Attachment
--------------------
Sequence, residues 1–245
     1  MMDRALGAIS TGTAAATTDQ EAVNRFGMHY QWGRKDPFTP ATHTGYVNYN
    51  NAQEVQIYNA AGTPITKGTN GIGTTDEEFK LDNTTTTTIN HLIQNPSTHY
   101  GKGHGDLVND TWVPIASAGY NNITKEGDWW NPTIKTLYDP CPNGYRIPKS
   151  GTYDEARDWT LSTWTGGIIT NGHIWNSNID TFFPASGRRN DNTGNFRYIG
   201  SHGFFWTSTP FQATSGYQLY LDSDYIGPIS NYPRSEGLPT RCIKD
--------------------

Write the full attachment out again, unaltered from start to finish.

Sequence, residues 1–245
     1  MMDRALGAIS TGTAAATTDQ EAVNRFGMHY QWGRKDPFTP ATHTGYVNYN
    51  NAQEVQIYNA AGTPITKGTN GIGTTDEEFK LDNTTTTTIN HLIQNPSTHY
   101  GKGHGDLVND TWVPIASAGY NNITKEGDWW NPTIKTLYDP CPNGYRIPKS
   151  GTYDEARDWT LSTWTGGIIT NGHIWNSNID TFFPASGRRN DNTGNFRYIG
   201  SHGFFWTSTP FQATSGYQLY LDSDYIGPIS NYPRSEGLPT RCIKD